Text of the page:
Before attempting this challenge, you should familiarise yourself with the Enigma machine by completing the Enigma Mission X challenge.
Code Books were used by the Germans to list all the settings needed to set up the Enigma machines before starting to encrypt or decrypt messages. The Germans used to change the Enigma settings very regularly (e.g. once a day) so that if the Allies managed to break their code (find out the Enigma settings) they would only be able to use them for that day and would have to find the new settings every day. Code books were highly confidential documents as if a codebook was captured or reconstructed, messages could easily be decrypted.
An Enigma code book would have one page per month. The page would include all the settings for each day of the month with the first day of the month at the bottom of the page so that once used, a setting could be torn off the page.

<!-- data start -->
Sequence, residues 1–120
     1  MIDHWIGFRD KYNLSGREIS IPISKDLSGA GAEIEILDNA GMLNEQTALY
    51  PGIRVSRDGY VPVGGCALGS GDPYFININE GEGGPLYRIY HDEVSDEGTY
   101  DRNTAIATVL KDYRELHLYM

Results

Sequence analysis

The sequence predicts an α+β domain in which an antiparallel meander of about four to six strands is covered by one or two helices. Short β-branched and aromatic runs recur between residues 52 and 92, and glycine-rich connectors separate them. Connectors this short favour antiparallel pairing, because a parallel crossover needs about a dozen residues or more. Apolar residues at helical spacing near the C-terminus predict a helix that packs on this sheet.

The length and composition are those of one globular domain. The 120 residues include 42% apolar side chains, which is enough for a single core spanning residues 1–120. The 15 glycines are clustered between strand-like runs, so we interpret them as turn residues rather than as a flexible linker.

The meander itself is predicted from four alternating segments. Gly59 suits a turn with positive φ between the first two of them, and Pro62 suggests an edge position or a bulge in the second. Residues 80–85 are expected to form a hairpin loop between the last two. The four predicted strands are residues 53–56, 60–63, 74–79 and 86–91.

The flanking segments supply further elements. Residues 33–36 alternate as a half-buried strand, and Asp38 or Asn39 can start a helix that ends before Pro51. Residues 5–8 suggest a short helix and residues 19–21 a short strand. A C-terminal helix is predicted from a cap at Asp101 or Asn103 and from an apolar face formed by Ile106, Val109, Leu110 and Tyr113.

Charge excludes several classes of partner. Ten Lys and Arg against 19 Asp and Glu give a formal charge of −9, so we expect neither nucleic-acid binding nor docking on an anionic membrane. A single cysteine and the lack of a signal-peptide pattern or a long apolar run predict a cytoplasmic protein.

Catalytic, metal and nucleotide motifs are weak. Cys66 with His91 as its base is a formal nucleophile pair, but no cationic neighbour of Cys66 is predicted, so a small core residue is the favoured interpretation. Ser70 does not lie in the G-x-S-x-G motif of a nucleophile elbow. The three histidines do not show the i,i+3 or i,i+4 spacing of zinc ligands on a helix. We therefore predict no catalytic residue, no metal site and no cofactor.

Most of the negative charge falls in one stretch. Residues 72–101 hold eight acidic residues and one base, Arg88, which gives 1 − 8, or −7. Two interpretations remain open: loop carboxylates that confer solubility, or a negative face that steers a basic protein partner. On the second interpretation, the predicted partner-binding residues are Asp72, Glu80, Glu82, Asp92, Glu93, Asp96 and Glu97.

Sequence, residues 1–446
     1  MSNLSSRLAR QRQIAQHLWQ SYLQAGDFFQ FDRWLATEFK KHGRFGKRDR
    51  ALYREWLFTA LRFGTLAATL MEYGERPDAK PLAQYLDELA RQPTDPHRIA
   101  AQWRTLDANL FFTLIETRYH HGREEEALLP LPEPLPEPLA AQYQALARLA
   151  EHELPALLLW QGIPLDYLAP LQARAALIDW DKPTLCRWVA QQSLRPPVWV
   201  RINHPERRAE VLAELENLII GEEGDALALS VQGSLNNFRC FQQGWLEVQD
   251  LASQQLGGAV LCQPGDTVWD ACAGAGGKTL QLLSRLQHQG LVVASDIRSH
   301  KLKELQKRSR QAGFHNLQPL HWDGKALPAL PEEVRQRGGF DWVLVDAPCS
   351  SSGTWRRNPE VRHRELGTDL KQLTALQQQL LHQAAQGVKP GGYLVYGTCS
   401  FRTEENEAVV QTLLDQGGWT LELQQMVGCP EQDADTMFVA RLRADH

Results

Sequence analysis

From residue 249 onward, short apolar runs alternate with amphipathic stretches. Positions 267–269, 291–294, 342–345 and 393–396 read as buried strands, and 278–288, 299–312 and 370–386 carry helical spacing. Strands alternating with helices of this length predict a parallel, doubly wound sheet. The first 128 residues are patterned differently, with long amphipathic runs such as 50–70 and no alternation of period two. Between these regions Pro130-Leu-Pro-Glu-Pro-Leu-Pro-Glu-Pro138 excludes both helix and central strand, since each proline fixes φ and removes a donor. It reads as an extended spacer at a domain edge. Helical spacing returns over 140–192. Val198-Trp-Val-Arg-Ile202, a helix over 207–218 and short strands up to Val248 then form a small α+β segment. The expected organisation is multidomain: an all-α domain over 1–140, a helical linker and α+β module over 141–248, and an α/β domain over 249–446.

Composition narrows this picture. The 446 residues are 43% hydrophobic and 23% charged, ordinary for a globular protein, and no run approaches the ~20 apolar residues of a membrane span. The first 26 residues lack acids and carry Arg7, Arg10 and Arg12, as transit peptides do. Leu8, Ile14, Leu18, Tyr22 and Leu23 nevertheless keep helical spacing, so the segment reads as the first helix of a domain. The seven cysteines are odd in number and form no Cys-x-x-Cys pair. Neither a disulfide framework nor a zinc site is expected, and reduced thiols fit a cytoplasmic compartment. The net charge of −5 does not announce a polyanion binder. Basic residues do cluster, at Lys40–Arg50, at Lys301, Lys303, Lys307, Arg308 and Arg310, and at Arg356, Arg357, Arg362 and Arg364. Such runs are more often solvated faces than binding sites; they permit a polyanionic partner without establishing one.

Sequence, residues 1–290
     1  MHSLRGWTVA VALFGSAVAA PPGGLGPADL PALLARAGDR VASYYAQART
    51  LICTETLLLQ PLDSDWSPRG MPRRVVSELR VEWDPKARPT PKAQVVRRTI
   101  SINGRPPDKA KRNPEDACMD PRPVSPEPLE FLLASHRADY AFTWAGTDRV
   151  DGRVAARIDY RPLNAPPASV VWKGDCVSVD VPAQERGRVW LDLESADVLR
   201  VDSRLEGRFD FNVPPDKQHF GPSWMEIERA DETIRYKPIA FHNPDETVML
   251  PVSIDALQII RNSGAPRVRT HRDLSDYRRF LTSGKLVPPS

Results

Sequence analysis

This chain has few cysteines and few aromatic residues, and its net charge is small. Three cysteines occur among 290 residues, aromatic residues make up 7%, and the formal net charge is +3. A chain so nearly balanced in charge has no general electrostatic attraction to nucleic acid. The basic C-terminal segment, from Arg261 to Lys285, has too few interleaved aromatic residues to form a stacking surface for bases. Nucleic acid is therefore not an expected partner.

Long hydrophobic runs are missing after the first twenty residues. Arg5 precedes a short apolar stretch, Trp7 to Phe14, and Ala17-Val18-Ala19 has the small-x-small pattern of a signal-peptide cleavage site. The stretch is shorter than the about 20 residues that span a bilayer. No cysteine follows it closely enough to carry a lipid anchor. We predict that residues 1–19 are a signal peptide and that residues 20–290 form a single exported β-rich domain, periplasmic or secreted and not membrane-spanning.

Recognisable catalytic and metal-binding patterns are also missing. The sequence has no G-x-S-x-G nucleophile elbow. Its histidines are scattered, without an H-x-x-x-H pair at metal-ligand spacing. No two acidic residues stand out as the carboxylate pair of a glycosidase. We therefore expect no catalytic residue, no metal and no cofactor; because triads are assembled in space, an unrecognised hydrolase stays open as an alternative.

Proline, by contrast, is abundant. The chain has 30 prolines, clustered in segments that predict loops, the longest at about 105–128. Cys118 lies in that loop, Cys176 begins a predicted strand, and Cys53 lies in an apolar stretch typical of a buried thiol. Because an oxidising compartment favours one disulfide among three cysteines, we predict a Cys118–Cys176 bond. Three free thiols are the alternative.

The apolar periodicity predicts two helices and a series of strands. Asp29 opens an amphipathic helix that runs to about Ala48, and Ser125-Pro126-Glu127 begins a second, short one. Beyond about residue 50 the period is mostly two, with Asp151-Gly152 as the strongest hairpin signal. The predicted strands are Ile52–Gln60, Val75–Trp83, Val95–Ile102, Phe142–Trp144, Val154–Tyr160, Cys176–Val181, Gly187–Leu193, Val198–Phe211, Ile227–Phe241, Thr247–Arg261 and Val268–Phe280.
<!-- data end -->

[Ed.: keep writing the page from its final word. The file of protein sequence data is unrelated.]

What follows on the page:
The settings would indicate which rotors to use and in which order to connect them. Initially the Enigma machine came with a box of five rotors to choose from. On an Enigma M3, three out of the five rotors were connected. The M4 Enigma used four rotors chosen from a box of up to eight rotors.
The settings would also include the wheel settings (how to connect the rotors) and their initial position. Finally the settings would indicate which letters to connect by plugging cables on the plugboard.
The aim of this challenge is to write a piece of Python code to generate a full Code Book of Enigma Daily Settings for the Enigma M3 series. (which consists of 3 rotors to choose from a collection of 5 unique rotors).
The code book should include 30 or 31 set of randomly generated daily settings (one for each day of the month) displayed in a table as follows:
Each daily settings should include:
- The date (number between 1 and 30/31, listed in reverse order)
- The choice of three rotors (e.g. IV I III)
- The ring settings (e.g. ABC)
- The initial rotor positions (e.g. DEF)
- The plugboard permutations (e.g. AF CK EW MT SV XY)